Rahul Gandhi Accuses Modi Government Of Bullying JNU, Terms It Condemnable

Rahul Gandhi Accuses Modi Government Of Bullying JNU, Terms It Condemnable

"While Anti-India sentiment is unquestionably unacceptable, the right to dissent & debate is an essential ingredient of democracy", the Congress Vice President said in a tweet.

New Delhi: Congress Vice President Rahul Gandhi tonight said the Modi government "bullying" an institution like the JNU was "completely condemnable", but at the same time asserted that anti-India sentiment is "unquestionably unacceptable".

"Modi Govt & ABVP bullying an institution like JNU simply because it won't toe their line is completely condemnable.

"While Anti-India sentiment is unquestionably unacceptable, the right to dissent & debate is an essential ingredient of democracy", the Congress Vice President said in series on tweets.

Mr Gandhi's remarks came within hours of the arrest of JNU Students Union President Kanhaiya Kumar in a sedition case over an event at the varsity campus against hanging of Parliament attack convict Afzal Guru, sparking massive outrage among students and criticism from non-BJP parties which dubbed it as an "emergency-like" situation.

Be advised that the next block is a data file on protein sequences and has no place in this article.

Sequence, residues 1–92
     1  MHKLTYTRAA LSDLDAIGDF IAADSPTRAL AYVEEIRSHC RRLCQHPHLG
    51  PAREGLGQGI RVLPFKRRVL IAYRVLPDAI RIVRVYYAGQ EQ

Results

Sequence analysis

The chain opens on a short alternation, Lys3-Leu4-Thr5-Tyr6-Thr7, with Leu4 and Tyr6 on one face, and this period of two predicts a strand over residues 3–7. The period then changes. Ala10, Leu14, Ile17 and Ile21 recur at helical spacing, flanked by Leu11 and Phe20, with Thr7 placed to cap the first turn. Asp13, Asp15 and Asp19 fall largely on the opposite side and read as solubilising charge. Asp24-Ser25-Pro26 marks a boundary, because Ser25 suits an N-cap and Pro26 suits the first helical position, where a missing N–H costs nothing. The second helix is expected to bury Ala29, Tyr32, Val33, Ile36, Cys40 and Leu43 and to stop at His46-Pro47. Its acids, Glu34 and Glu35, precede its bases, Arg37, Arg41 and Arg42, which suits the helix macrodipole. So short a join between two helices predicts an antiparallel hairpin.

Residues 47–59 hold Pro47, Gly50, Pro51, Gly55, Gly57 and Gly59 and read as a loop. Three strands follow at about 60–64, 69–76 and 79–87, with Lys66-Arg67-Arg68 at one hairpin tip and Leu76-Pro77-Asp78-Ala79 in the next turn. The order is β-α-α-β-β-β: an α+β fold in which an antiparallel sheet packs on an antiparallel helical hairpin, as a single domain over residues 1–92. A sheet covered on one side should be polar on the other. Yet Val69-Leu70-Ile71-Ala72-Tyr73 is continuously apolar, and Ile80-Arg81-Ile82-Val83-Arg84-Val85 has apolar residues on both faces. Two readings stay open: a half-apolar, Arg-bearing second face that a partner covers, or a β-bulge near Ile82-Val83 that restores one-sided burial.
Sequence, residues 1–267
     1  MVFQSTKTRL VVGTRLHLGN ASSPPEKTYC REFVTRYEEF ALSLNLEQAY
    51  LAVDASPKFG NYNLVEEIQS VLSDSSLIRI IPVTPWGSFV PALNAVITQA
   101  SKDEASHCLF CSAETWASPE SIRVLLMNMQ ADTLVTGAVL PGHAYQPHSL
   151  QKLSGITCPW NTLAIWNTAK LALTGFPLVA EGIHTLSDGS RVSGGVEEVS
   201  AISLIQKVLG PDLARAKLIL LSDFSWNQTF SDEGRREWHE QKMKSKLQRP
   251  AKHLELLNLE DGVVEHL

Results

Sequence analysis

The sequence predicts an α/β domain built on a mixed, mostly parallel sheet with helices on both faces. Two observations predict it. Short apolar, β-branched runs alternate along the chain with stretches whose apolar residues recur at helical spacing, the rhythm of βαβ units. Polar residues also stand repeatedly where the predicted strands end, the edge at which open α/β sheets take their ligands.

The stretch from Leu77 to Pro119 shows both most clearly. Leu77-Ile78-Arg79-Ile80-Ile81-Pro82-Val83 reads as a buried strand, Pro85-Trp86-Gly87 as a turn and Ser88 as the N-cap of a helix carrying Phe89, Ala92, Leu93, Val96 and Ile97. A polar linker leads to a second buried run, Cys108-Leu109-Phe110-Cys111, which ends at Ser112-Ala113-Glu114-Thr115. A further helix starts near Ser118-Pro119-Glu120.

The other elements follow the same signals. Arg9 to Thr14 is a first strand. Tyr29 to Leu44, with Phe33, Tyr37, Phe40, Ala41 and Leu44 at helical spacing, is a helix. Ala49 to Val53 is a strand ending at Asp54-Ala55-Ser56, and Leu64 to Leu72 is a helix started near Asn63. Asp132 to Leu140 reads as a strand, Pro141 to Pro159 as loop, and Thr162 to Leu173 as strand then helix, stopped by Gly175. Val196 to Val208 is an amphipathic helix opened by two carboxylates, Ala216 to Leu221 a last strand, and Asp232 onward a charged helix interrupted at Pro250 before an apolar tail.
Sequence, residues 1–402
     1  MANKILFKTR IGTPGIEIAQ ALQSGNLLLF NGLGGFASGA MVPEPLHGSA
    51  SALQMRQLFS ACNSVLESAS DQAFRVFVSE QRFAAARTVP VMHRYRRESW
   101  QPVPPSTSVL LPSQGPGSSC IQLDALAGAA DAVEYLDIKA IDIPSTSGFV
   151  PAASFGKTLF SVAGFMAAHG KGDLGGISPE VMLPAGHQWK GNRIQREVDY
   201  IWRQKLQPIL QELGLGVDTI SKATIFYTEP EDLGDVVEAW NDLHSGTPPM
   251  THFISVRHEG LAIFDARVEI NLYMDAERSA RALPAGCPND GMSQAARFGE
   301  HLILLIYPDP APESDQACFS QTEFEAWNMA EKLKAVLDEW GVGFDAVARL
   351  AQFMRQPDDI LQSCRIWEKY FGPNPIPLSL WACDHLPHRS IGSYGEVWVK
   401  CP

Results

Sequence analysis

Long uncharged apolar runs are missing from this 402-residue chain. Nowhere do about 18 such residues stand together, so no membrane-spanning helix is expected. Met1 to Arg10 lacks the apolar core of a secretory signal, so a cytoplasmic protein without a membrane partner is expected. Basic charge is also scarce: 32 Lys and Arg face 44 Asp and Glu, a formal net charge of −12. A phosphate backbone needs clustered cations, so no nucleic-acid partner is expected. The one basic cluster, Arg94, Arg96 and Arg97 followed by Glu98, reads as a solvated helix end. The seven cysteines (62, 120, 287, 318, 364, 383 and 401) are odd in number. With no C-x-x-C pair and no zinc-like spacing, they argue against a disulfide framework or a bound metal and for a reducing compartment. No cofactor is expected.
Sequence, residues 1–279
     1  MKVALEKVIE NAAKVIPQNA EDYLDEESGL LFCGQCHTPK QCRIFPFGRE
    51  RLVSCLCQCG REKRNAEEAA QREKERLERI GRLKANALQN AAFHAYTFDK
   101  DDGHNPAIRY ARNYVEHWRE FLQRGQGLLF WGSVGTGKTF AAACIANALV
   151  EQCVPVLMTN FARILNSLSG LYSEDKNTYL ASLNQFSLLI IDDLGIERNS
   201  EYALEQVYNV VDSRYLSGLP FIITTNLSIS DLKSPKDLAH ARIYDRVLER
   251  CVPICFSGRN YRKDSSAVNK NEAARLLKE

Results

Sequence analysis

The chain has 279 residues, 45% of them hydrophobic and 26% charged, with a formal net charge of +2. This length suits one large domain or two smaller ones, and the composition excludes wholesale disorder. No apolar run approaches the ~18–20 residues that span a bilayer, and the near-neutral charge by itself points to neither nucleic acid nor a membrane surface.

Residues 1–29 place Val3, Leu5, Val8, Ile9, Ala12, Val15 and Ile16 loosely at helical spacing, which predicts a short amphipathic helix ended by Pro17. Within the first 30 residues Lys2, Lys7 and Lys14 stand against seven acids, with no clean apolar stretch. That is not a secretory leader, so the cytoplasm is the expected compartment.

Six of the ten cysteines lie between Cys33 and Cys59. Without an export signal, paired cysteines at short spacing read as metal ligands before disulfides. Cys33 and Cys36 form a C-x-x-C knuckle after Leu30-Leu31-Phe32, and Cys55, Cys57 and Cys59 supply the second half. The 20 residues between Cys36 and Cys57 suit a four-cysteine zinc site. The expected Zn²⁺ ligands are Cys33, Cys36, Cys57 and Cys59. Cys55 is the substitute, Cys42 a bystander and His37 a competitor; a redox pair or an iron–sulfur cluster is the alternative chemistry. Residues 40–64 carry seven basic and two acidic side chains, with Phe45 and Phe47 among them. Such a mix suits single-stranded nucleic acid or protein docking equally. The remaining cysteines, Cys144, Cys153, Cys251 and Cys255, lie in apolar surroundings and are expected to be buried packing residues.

Kanhaiya was arrested today and later remanded to three-day police custody by a local court, a day after police filed a sedition and criminal conspiracy case against him on complaints from BJP lawmaker Maheish Girri and ABVP members.

Earlier in the day, Union ministers Smriti Irani and Rajnath Singh advocated strong action against those involved in the alleged "anti-India" act even as the students continued with their protests on the campus for the third day, saying they are being "witch-hunted".

Questioning the filing of sedition case, Congress leader Kapil Sibal asserted that it was a very serious charge and the BJP government should think before taking action under it.

Mr Gandhi had played a key role in protests over the suicide of the Dalit scholar Rohith Vemula at the Hyderabad University last month, an issue that had led to outrage over campuses of several universities in the country.

 
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